“Cody, Dee?” she says, her nose scrunched like his name leaves a bad taste in her mouth. She’s wearing one of my dresses—a slinky dark blue number that flatters her every curve—but she insisted on wearing flats with it and all my energy had already been expended persuading her not to wear leggings.
I shrug. “He wasn’t a half-bad dancer.”
“I think you mean ‘molester.’ ” Her brows are pinched tight over blue eyes flooded with judgment. “That was just disturbing.”
“Joel was jealous,” I explain, smiling as I take a sip of my drink.
My reasoning does nothing to wash the disapproval from her face. “Was it worth it?”
I nod emphatically. “So worth it.”
After three more drinks, I’m sitting at the bar swooning over Mark, the volunteer firefighter Leti is flirting with. “You two are perfect for each other,” I insist, feeling the alcohol pumping through my veins like caffeinated cocoa. “You should make gorgeous babies together.”
Leti and Mark laugh, and Leti takes a sip of Mark’s drink. They’re both shamefully gorgeous. Leti, with his golden ombre hair and his stunning golden eyes. Mark, with his dimpled cheeks and thick lashes.
“You’re pretty fantastic, you know that?” Mark says, and I fall for him a little more.
“I do know!” I insist, motioning with my hand and nearly spilling my drink. “Thank you!”
Rowan takes my cup so I don’t splash everyone. “Let’s head backstage.”
“Do you see that guy up there?” I ask Mark, ignoring Rowan and pointing to the stage with my entire arm.
“You mean the one you were dancing with?”
“No. The douchiest one up there. The one with the douchey hair and the douchey smile. The one that thinks he’s sooo hot.”
Leti laughs, and Mark scans the stage.
“She means the guy with the mohawk,” Leti clarifies, but I fail to see why any clarification was needed.
“Yeah. What about him?” Mark asks.
“He doesn’t realize how fantastic I am.”
“Well then he doesn’t deserve you,” Mark says, pulling a long curl over my shoulder.
“You really think so?”
“That’s what we’ve been saying this whole freaking time!” Rowan objects.
I glare up at the stage, my hazy vision locking on Joel. He’s smiling down at the front row, his blond spikes and white teeth shining under the bright spotlight showering golden rays all over his golden body. “He needs to realize that,” I explain.
If Joel knew he didn’t deserve me, there wouldn’t be a problem. The problem is that he thinks I don’t deserve him. He thinks I’m just another girl.
I tear my gaze away and give my attention back to Leti and his firefighter. “Do you guys want to come backstage?”
Mark smiles at Leti. “I think I’d rather get another drink. What about you?”
“See you tomorrow,” Leti tells me, and I giggle when I receive his message loud and clear—I was going to be his ride home, but it looks like he no longer plans to go home tonight. I wink at him before hooking my arm in Rowan’s and using her for support as we make our way away from the bar.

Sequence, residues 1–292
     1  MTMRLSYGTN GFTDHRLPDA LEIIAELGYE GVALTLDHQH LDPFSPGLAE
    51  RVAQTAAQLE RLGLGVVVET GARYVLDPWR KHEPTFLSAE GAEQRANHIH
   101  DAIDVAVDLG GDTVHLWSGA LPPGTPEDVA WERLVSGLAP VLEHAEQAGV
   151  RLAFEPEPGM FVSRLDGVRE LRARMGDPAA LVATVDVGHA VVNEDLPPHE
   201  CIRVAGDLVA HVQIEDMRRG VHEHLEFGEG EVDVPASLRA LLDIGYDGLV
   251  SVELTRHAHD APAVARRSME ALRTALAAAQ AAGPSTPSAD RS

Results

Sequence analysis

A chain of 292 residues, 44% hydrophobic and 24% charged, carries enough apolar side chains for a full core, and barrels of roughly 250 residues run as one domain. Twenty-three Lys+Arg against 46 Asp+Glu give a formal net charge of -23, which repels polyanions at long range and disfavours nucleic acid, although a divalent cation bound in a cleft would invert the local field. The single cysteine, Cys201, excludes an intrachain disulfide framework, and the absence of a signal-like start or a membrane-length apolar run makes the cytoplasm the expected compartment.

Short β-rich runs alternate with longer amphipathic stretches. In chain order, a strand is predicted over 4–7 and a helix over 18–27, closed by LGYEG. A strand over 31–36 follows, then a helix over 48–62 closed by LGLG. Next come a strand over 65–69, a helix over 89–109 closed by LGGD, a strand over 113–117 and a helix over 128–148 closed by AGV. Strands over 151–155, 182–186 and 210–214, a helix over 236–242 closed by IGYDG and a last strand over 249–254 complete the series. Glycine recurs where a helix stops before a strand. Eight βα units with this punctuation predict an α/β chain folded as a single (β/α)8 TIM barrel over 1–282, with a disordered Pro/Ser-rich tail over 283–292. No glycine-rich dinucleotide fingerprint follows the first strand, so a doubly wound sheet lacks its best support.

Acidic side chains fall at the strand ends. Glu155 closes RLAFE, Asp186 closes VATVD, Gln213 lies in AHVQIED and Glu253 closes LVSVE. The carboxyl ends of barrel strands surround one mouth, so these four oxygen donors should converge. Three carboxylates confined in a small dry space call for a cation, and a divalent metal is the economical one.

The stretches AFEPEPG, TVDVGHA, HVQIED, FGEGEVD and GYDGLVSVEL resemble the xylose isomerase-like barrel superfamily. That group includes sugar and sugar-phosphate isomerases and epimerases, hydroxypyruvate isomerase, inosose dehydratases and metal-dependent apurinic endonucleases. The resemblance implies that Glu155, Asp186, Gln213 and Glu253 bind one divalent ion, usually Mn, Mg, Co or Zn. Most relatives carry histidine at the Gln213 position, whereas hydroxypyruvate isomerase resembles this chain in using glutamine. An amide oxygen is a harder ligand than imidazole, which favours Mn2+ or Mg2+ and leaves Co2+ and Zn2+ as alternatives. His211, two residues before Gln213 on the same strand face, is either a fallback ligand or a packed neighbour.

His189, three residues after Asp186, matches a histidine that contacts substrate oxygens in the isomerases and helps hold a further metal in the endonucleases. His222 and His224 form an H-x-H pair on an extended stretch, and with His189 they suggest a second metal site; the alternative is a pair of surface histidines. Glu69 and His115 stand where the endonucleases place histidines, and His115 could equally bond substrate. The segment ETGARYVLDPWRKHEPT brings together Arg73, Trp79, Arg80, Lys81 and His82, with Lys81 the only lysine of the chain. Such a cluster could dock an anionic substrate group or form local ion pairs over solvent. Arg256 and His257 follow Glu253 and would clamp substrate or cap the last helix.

Backstage, I watch the band while dutifully keeping my eyes off of Joel. I can feel him watching me, and Rowan tells me he keeps looking my way, but I won’t give him the satisfaction of even glancing in his direction. Instead, I watch Mike beat life into his drums, I watch Shawn shred his guitar, I watch Cody compete for attention, and I watch Adam play up the crowd. He has an amazing voice, but he’s an even better performer than he is a singer. He knows exactly what to do to get the crowd riled up, building the energy in the room until it’s buzzing like a shaken-up Coke bottle. With his shaggy brown hair, his braceleted wrists, and his black fingernails, he looks every bit the bad boy—and every bit the type of guy I never would have imagined my best friend playing house with.
The way he looks at her every time their eyes meet . . . I’ve never been looked at by a guy like that. It’s like he’s showing her his heart, like he’s telling her it belongs to her and no one else.
The way Cody looks at me only tells me that his dick belongs to me, and even then, only for the next few hours.
But he’s not the one I wish would look at me like that anyway.
When the guys exit the stage, I let Cody approach me, knowing he will.
“Did you like the show?” he asks in that smug way of his. His eyes are such a muted blue, it’s hard to tell if they’re even blue at all. His nose is too wide and his lips are too thin.
“Always,” I tell him with a come-hither smirk. “Do you have to do one more song?”
“Yeah, but then I’m all yours.”
When the guys go back onstage, Rowan turns to me. “You’re not seriously planning to hook up with him tonight, are you?”
“With Cody?” I scoff. “Never in a million years.”
“Thank God.” She sighs. “You had me worried.” She studies me for a moment, and then her eyes narrow. “So what are you planning to do?”
“Besides get Joel to confess his undying love?” I laugh, but she doesn’t, so I roll my eyes and say, “Actually, that’s the plan. Get Joel to confess his undying love.”
“Why can’t you just go for a normal guy?” Rowan asks, and I bristle.